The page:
The overarching goal of the Clean Water Act is often said to be attaining “fishable, swimmable” waters. In the U.S., we evaluate the quality of waterways by determining whether each segment of a waterway meets “uses.” As you can imagine, the categories of ways that we’d like to be able to use water can be diverse: drinking water, on-water and in-water recreation, fishing, aesthetics, industrial, habitat for aquatic life…the list goes on-and-on. Under the Clean Water Act, a specific segment of a waterway can either be in “attainment” of those uses or “impaired” or somewhere in between.
Last week, the U.S. Environmental Protection Agency agreed to remove a fish consumption impairment in the Cuyahoga River from the Gorge Dam in Cuyahoga Falls to Lake Erie (the “Lower Cuyahoga River”) indicating that the formerly burning part of the river now supports fish that are safe to eat. To be clear, fish consumption advisories remain on the Cuyahoga River from the Gorge Dam, but they are now the same as Lake Erie’s restrictions. Here are the current fish consumption advisories for Lake Erie and its tributaries:
The use attainment news was heralded by both the U.S. EPA and the Ohio EPA as a monumental step in the Cuyahoga River’s restoration, but it appears based on a comparison of the old Cuyahoga River fish advisory that not much has changed (see page 7). The new attainment status removed advisories for Common Carp (under 27”) and White Sucker (16” and over) and allows one less Common Carp (27” and over) per month than previously. PCBs and mercury were the culprits in the prior fish consumption advisory.
It’s also unclear whether the pollutants causing the impairment have been in any way reduced, mitigated or removed from the acquatic ecosystem. Mercury, for example, is known to bioaccumulate in fish tissue. The national and international focus on reducing CO2 emissions may be impacting the deposition of mercury in waterways. Perhaps the removal of dams has allowed for the movement of fish with less bioaccumulated mercury.
For PCBs, just in September of 2018, the Army Corps of Engineers and Ohio EPA released the results of sediment sampling of the Cuyahoga River and found that “PCB levels remain dangerously high.” The level of advocacy and debate around reducing the impact of PCBs in river bottom sediment has played out both around the Cuyahoga River and, more visibly, around General Electric’s PCB contamination of the Hudson River. In the case of the Hudson, GE is removing PCBs from the Hudson as opposed to the current approach in the Cuyahoga River of allowing PCB-laden sediment to settle unless dredged for navigational purposes. If fish tissue has reduced levels of either mercury or PCB’s, it’s unclear what, if anything, we should point to as the cause and effect of a reduced impact of those pollutants on Cuyahoga River fish populations. It’s simply unclear how we made such minimal progress on less mercury and PCBs in fish tissue samples from the Cuyahoga River.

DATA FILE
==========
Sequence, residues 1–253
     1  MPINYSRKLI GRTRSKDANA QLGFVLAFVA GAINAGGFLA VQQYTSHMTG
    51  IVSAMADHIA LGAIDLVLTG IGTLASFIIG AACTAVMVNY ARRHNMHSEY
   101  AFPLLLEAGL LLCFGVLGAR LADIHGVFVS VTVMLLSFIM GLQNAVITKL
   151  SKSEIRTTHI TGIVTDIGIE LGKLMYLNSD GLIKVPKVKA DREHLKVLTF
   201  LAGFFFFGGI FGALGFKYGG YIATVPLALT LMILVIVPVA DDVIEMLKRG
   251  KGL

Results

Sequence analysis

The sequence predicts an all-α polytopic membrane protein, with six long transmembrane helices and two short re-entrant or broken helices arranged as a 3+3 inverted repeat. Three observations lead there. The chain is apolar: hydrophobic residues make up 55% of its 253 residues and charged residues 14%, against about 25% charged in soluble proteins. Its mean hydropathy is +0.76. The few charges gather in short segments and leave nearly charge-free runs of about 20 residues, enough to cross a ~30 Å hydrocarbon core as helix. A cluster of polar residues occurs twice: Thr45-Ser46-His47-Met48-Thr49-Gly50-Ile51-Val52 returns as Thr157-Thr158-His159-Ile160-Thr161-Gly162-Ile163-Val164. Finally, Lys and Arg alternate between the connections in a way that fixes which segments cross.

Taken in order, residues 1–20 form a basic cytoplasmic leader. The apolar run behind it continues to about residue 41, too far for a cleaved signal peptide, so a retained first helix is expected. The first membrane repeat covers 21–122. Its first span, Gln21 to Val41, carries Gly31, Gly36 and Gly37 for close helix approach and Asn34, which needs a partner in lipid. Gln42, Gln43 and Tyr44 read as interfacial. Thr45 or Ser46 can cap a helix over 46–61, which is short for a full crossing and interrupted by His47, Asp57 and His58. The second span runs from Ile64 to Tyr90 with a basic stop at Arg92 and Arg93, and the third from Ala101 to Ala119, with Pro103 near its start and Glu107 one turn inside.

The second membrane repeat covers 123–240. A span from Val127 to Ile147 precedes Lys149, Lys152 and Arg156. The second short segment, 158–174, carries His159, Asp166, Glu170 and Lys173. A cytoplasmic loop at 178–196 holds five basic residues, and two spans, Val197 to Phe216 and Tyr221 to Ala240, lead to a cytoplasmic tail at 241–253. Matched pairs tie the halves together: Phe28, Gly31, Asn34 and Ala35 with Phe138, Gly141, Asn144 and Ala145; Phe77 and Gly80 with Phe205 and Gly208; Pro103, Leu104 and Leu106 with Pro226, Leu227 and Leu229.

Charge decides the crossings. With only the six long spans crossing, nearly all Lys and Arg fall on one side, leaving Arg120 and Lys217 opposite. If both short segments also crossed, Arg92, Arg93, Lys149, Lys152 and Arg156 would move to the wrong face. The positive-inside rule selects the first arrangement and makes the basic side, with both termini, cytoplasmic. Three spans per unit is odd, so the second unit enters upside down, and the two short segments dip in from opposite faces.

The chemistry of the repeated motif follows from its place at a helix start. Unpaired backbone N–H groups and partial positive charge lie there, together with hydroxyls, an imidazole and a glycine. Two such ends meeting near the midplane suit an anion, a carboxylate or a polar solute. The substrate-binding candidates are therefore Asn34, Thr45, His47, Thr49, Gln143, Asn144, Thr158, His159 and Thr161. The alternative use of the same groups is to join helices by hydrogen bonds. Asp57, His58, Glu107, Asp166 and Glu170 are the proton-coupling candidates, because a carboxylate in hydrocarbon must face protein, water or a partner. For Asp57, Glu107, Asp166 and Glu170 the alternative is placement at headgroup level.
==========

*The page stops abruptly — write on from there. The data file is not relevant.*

While improvements to Cuyahoga River water quality deserve celebration, it’s important to realize the extent of progress made, the reasons for improvement and depth of ongoing problems continuing to cause impairment. The Lower Cuyahoga River’s aquatic life use continues to be impaired by combined sewer overflow, urban runoff/storm sewers, spills, industrial point sources, landfills, channelization, municipal wastewater treatment discharges, agriculture, septic tanks and land development and suburbanization. The pollutants causing continued impairment include metals, nutrients, ammonia, habitat alteration activities, toxicity, flow alteration and organic enrichment or low dissolved oxygen. So, I will likely take out my fly rod and celebrate the ability to safely catch and eat another carp from my beloved Cuyahoga River this spring, but the remaining impairments and sources of those impairments require that do much, much better than the status quo.